We can all be a part of the blessing
by Jerome Wassman
Jan 22, 2011 | 1768 views | 0 0 comments | 24 24 recommendations | email to a friend | print
Jerome Wassmann
Jerome Wassmann
We see on a regular basis or get information in the mail about the need of feeding children and families in third world countries. But when you have children in your own community and state that many times go hungry it seems so foreign. I know there are many, many children that have free or reduced lunches at school each and every day because of their socio-economic level and many times these lunches are the only nutritionally balanced meals these children get.

So when I read the story last week about the “Backyard Blessings,” I couldn’t help but feel we as a community and state need to do more to meet the needs of these children and their families. Ms. Leneda Jones of Sumiton as well as others have stepped forward to try to meet those needs. Alabama Power Service Organization has also stepped forward with $1000 of donated food. And we say “thank you” for caring about others in your own backyard.

When I was growing up we always had nutritional meals at home and never gave any thought to not having something to eat when meal time rolled around. And it made no difference whether it was during the week or on the weekend. We even had a snack after school if that is what we wanted. I also remember that when my brother and I got into school we had lunch each day in the school cafeteria. We never had breakfast like they do now, but we always had lunch. I remember being in elementary school (first through sixth grade) and all students were required to work in the cafeteria at least one week during the year helping serve the meals. I always thought it was great because we (the workers) would eat after everyone else had eaten and gone back to class. It afforded us the opportunity to get a little “extra” if we wanted it. But I also know that was a different time and a different place. I can never remember any of my friends saying they had nothing to eat until they got back to school on Monday.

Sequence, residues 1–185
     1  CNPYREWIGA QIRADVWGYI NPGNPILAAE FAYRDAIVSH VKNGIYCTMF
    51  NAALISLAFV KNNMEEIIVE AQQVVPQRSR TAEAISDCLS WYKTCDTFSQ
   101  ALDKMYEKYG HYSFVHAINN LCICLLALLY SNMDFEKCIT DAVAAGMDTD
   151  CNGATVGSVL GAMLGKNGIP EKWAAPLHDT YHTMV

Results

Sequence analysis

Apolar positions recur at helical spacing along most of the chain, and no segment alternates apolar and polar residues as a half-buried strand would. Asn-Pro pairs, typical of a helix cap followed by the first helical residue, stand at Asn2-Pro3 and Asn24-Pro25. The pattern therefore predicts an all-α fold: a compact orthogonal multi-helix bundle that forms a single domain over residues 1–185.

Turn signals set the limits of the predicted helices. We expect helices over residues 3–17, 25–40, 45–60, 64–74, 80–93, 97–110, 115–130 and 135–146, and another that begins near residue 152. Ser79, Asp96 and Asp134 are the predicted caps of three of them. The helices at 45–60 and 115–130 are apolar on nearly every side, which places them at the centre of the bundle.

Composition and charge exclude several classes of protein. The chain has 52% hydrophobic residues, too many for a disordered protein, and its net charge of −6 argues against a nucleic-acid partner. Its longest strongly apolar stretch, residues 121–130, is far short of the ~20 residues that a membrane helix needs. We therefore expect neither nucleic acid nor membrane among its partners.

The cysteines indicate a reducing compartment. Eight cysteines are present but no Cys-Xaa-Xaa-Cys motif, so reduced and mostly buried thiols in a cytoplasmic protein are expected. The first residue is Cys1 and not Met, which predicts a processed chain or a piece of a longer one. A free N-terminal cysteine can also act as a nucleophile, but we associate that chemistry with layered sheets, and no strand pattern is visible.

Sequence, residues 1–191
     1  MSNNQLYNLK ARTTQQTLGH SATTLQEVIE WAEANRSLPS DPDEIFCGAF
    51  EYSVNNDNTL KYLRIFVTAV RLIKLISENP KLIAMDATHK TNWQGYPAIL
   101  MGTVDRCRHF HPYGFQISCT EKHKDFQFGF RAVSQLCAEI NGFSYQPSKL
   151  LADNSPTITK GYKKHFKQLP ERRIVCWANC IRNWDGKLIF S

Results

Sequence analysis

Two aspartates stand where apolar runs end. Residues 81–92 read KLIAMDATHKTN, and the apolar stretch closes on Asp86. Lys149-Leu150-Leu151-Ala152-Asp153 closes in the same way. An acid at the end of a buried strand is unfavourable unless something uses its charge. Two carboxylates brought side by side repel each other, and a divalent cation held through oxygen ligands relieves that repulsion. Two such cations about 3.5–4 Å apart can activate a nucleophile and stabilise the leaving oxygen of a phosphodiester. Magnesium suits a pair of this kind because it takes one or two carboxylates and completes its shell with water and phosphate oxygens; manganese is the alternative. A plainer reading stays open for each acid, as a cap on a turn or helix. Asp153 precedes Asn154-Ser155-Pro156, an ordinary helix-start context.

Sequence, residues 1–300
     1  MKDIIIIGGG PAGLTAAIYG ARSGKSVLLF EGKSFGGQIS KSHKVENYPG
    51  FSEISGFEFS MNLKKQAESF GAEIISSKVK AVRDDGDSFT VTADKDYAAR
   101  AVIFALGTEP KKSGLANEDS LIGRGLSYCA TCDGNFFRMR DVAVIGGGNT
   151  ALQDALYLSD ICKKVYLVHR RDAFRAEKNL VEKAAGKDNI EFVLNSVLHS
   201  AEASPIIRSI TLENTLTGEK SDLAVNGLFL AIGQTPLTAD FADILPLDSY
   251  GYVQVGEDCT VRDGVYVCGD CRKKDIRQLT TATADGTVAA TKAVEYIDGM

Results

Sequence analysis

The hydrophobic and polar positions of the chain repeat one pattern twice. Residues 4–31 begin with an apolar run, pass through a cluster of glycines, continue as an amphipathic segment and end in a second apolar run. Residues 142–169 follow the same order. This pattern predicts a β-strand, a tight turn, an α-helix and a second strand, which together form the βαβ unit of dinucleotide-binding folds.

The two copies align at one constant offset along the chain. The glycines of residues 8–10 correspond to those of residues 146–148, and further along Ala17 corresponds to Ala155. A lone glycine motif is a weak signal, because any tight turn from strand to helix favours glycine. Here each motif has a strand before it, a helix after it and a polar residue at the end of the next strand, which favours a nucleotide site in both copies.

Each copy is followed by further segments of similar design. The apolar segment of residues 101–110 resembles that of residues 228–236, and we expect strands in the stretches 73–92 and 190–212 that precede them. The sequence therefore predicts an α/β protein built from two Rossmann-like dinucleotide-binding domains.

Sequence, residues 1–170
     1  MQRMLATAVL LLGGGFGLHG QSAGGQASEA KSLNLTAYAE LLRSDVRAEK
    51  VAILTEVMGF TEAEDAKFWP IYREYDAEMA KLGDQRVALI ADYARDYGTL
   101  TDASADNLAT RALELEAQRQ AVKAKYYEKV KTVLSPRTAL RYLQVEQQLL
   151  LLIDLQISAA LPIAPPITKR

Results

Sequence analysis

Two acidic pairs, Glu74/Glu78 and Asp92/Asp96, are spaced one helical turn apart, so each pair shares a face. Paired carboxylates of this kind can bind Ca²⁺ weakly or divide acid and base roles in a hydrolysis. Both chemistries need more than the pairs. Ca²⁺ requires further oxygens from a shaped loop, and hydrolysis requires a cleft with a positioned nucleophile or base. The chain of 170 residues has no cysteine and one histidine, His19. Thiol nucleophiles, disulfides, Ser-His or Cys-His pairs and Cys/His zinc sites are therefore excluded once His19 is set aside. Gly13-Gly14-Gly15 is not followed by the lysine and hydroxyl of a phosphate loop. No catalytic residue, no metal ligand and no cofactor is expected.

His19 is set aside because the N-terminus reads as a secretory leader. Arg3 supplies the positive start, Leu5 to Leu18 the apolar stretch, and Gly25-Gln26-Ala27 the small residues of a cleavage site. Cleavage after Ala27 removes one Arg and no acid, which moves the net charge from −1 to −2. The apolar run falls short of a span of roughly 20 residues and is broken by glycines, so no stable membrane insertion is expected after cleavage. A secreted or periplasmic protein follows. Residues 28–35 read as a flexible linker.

So why is this happening in this nation of plenty? Are we putting our personal wants ahead of our children’s needs? I certainly hope not.

I also realize there are a large number of families that no longer have a job. But there are programs to help us meet our basic needs of food and shelter. Yes it provides most of the time for only our basic needs, but at least we have those. With unemployment and food stamps (that’s not the program anymore, however there is another state program that replaced it) we should be able to meet most of those needs, including having food for our children during the weekend and when school is not in session.

There are also food closets run by most churches as well as the Salvation Army that are willing to help a family get over the hump in tough times. So there are programs available if one is willing to put forth the effort to find them. And most of the time it only requires that one make the effort to ask.

As I have said before this is one of the most caring areas I have ever lived in and I am sure there will be other organizations, groups, business and individuals that will step forward to help with this project. If there is such a need in east Walker County there is a need in other areas of the county.

Too often we are concerned about our own families and situation, and that should certainly be our primary focus, but we should also be aware of those in our own backyard that need help. And we should be willing to share our blessings with those that have not been as richly blessed as we have.

Remember what Jesus said, “If you have done it to one of the least of these, my brothers, you have done it unto me.”

Jerome Wassmann is editor and publisher of the Daily Mountain Eagle.